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wgfirefighter 10-30-2006 06:57 AM

Shower floor replacement
 
Hello all- I'm a new member and I'm not sure if this is the right forum. I didn't see one for tile, so I'll throw it out there and see if someone can help me out. To make a loooong story short, we recently had a house built and the guy screwed up our shower floor and it needs to be replaced. I've laid tile in my old house and feel confident in that aspect, but I've never done it in a shower. I know there is a shell underneath and that is my concern. Does it go up into the lower tiles of the wall? Am I going to have to replace the shell as well as the tile? The problem originated with bad grout. Is there one grout that is better than others for this kind of job? I would really appreciate any advice you can offer. Thanks in advance and I'll be checking back in about an hour (9 am) if you need more information.

R&D Tile 10-30-2006 08:05 PM

Does it leak, what do mean it has bad grout?, need more info on what the problem is, why redo it all if the grout is bad.:)

What type of grout is it?

troubleseeker 10-30-2006 08:09 PM

Yes, the pan usually goes 4 to 6 inches up the walls, so it is under the first row of wall tiles.

What do you mean "bad grout"? And what happened that you think the tiles have to come up for replacement. How about cleaning out the "bad grout" and regrouting the floor?

I don't personally find any differences in brands of grout, but many professional tile men have their favorite brands. Stick with any brand from a flooring supply house and I think you will be ok.

Someone is bound to try to convince you to use epoxy here. Stay away from it , as it is very unforgiving.

wgfirefighter 10-31-2006 08:35 AM

The grout is flaking out and tiles are coming up around the drain. I had a guy come out and try to fix it twice. He worked for the builder and he said after the second time that if that didn't fix it, it would need to be replaced. In hindsight, I don't put a lot of faith in what he said, so maybe I can get by with regrouting. I think he just grouted over the old grout without removing it. What is the best way of removing it? I have a Dremel, but have hardly used it. What about the tiles that are popping up? I appreciate the advice.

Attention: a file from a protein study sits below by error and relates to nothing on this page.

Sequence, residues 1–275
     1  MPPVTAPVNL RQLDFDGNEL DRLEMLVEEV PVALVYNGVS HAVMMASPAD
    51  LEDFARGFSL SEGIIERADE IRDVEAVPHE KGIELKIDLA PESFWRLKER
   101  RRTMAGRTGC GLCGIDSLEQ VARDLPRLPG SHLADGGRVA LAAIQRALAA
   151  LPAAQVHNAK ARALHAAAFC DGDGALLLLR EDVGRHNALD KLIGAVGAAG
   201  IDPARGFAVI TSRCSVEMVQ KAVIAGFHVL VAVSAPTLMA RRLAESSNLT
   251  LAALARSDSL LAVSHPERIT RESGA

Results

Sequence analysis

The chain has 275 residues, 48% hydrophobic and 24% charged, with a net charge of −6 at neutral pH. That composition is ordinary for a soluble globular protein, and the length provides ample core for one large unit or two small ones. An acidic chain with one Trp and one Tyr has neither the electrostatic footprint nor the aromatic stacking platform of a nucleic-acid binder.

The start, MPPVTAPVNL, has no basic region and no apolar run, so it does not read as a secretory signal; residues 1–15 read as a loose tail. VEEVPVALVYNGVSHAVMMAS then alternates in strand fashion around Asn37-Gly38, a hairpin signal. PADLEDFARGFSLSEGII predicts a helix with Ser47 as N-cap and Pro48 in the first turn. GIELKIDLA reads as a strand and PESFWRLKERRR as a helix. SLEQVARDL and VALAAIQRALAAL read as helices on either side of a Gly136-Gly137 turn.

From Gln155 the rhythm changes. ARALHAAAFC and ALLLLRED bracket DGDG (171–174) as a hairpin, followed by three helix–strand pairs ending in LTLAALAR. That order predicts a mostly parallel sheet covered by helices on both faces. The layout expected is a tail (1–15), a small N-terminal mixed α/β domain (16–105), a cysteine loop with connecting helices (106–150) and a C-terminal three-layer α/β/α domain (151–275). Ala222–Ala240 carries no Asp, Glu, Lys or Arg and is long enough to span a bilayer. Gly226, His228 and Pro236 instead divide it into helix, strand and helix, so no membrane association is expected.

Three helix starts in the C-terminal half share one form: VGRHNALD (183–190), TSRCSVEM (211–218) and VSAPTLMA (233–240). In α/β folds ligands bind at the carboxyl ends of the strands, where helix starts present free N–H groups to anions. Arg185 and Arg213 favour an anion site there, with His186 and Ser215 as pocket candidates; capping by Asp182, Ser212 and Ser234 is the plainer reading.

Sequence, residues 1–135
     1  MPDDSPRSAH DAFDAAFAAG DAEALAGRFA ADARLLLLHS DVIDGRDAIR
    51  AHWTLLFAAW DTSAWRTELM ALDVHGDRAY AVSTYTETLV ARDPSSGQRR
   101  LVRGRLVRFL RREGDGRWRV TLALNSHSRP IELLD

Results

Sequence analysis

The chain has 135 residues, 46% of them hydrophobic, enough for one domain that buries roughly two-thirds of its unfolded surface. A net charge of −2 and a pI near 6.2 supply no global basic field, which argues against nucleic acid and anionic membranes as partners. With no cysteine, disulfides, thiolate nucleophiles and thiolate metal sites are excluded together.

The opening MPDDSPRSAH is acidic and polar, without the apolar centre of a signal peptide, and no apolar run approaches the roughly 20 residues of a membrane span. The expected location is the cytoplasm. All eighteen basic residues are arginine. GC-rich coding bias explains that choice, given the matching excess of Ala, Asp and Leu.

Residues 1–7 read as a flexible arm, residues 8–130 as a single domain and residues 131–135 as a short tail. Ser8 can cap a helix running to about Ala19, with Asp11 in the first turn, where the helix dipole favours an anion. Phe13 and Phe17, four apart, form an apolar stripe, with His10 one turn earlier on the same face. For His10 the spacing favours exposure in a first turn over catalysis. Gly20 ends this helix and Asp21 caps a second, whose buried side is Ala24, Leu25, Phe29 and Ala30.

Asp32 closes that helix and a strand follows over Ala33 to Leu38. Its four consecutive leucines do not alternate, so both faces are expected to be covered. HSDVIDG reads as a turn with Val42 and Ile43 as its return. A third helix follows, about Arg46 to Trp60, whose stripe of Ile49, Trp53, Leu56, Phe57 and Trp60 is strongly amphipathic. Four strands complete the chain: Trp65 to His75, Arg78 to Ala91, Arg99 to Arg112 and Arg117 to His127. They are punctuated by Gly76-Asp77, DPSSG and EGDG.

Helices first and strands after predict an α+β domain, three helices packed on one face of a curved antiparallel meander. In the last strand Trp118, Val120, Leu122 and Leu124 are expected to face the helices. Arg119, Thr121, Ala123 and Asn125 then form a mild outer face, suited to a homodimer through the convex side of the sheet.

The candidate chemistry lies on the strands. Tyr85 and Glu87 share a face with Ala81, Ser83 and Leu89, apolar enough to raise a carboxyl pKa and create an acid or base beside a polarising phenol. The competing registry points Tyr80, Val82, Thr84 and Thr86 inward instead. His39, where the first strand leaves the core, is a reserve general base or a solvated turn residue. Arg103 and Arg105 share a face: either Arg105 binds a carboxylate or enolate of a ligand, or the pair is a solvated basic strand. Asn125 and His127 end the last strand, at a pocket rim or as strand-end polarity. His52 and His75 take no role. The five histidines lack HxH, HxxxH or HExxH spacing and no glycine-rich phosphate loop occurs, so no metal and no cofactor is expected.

wgfirefighter 10-31-2006 08:37 AM

I have no idea what kind of grout it is. It started to dry out and flake almost immediately.

Double A 10-31-2006 12:10 PM

Pictures might help get you a better understanding, and a better answer to your problem.

HJ1 10-31-2006 02:58 PM

Can you provide some information on the construction of the shower? If grout is coming out and tiles are loose you have some serious problems that regrouting is not going to help. Do you know what kind of thinset and grout were used? Just wondering if this wasnt some of that premixed stuff.

wgfirefighter 10-31-2006 03:41 PM

I don't know what they used on the floor and I can't get that info since the builder is no longer returning my calls. I filed a complaint with the building dept, but they can't do anything if it's not "structural damage". I'm done dealing with him and just want to take care of it. We haven't been using it (the shower), but when I get off shift tomorrow I'll check and see if they are still loose. One of my main concerns was that the thinset didn't seem to be drying. It was, for lack of a better word, gooey for a long time after it was installed and that's where a couple of the tiles came up. I believe it has since hardened. Thanks again.

HJ1 10-31-2006 04:01 PM

Sounds like another case of premixed thinset. If thats the case you'll need to remove the tile, remove all the goo and reset the tile with real thinset. The kind that comes in powder form in a bag that you mix with water or admix. Sorry for the bad news. If the builder used this crap he should be responsible for paying to fix it.

R&D Tile 10-31-2006 07:51 PM

Or mastic, still no good, he probably used whatever it is on the walls as well, I would also be worried about what else this guy did to cut corners.:furious:

wgfirefighter 10-31-2006 08:11 PM

I appreciate all of the advice. I'm gonna go home tomorrow and take a good look at it. If whatever they used has hardened will I still need to replace it all? I'm hoping (after reading these replies) that I can sand down and replace the few tiles with good thinset/mastic and regrout it all properly.

troubleseeker 10-31-2006 09:04 PM

Now , with tiles popping loose, the problem sounds more serious. Makes me tend to agree with you on wanting to remove the floor and do it right. I also suspect mastic was used instead of thinset. Is there a mud bed in the pan or did someone just stick the tiles to the pan directly? Unfortunately this sounds like a redo inorder to get it right. A half way fix on something like this will haunt you forever.


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